Was Turkey Served At The First Thanksgiving?


Was Turkey Served At The First Thanksgiving?

Although still we have no proper evidence of whether the turkey was served on the first Thanksgiving or not but often it is said that on the first Thanksgiving, the bird’s meat was not served.

Even it is still controversial when and how did people start serving turkey at Thanksgiving dinner.

Below, I will share with you one perspective related to the history of turkey and Thanksgiving dinner.

[Did You Know? Thanksgiving Is A Harvest Festival, Especially Celebrated In Europe And America. Countries Like The United States, Germany, Canada, The United Kingdom, and Austria Warmly Celebrate It On Each Year]

Was Turkey Served At The First Thanksgiving, thanksgiving wish, image

The One Perspective – Was Turkey Served At The First Thanksgiving?

In the early 17th century, in Europe, during harvest festivals, people preferred to have goose, duck, deer, chicken, wild flows, cod, and various other animals and birds’ meat on their dinner table.

Especially goose was their favorite meat item.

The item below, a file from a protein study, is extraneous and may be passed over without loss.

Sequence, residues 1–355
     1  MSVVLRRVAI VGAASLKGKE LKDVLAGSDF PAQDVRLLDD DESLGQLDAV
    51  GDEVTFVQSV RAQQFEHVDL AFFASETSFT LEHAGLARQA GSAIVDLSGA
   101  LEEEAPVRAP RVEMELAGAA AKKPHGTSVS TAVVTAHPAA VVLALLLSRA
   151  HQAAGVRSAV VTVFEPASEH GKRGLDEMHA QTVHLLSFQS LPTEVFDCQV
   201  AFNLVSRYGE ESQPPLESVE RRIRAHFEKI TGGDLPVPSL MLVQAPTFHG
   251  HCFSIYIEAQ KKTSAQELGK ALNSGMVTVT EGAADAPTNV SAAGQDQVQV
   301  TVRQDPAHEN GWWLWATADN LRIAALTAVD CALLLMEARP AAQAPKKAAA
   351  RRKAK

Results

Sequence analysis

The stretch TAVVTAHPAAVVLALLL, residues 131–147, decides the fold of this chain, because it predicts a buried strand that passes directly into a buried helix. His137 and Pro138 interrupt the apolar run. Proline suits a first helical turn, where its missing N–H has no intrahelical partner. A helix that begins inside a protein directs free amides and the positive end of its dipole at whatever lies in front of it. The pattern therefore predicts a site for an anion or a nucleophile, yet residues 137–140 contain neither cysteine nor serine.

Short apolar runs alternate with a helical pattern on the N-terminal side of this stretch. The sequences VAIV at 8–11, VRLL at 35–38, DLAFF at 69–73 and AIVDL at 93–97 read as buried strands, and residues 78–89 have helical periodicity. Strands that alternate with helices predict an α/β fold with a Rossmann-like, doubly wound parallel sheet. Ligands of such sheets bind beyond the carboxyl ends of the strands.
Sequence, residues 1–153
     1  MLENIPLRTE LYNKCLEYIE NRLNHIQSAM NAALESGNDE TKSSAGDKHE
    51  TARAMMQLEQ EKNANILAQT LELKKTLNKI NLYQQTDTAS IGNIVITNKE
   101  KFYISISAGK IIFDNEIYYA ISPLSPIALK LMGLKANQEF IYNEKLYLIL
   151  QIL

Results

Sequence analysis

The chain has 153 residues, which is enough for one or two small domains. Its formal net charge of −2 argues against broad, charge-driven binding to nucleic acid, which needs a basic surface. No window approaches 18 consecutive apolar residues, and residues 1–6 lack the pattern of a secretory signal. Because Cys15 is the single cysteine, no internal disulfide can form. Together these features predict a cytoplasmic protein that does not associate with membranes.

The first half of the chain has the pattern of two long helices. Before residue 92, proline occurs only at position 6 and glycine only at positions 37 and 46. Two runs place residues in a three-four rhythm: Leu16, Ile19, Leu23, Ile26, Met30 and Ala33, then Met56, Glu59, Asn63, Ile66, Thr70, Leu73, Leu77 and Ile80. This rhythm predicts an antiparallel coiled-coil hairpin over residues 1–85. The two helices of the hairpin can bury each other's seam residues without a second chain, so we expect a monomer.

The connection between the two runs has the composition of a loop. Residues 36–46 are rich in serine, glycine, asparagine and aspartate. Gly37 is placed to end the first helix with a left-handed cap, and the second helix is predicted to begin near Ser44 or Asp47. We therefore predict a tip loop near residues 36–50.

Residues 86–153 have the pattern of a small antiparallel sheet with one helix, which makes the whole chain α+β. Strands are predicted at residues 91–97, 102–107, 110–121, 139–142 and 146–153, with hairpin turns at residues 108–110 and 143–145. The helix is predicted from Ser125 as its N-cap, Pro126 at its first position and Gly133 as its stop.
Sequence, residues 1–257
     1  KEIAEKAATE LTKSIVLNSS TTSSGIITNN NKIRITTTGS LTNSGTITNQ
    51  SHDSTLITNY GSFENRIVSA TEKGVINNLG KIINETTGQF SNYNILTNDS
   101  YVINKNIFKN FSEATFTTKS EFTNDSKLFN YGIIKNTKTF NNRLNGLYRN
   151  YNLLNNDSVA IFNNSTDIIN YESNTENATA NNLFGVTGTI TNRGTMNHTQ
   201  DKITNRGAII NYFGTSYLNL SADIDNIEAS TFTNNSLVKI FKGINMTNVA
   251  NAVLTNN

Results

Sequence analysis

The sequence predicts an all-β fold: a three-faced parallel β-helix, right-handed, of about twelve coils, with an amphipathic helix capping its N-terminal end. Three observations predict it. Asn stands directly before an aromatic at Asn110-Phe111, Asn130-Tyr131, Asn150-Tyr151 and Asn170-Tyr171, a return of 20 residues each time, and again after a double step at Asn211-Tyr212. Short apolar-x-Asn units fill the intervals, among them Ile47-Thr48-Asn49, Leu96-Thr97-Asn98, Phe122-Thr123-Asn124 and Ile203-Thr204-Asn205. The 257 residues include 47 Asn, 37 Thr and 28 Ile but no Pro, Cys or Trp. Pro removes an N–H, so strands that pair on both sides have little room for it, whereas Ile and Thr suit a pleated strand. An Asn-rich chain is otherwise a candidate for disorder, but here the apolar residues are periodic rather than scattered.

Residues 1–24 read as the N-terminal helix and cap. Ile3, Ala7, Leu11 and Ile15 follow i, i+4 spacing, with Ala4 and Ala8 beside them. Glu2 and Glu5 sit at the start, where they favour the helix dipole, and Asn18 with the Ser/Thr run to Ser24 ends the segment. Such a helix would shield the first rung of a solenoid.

But when many Europeans moved to the new world (Americas), it became a little difficult for them to find geese easily. Although, they noticed the abundance of wild turkeys.

Was Turkey Served At The First Thanksgiving

Later, during Thanksgiving days, they started haunting wild turkeys for their dinner. With the flow of time, turkey became the main decoration in Thanksgiving dinner.

Especially, in the United States, the turkey is the symbol of Thanksgiving.

[Did You Know? In America, The First Thanksgiving Was Celebrated In 1621 By The Colonists of Plymouth, Massachusetts, And The Indians of Wampanoag]


Did You Know?

1. Lincoln was the first American President to declare Thanksgiving a national holiday in 1863.

That year, somebody gifted Lincoln a turkey for dinner on that special day.

However, because of his youngest son Tad’s request, Lincoln let the bird stay alive.

However, it is said that Lincoln later planned the bird for Christmas dinner.

2. The United States third President Thomas Jefferson refused to issue a proclamation to declare Thanksgiving a national holiday.

He believed, that the festival is associated with a particular religious belief and that is why declaring it a national holiday by the federal government would be against the newly formed American democracy.


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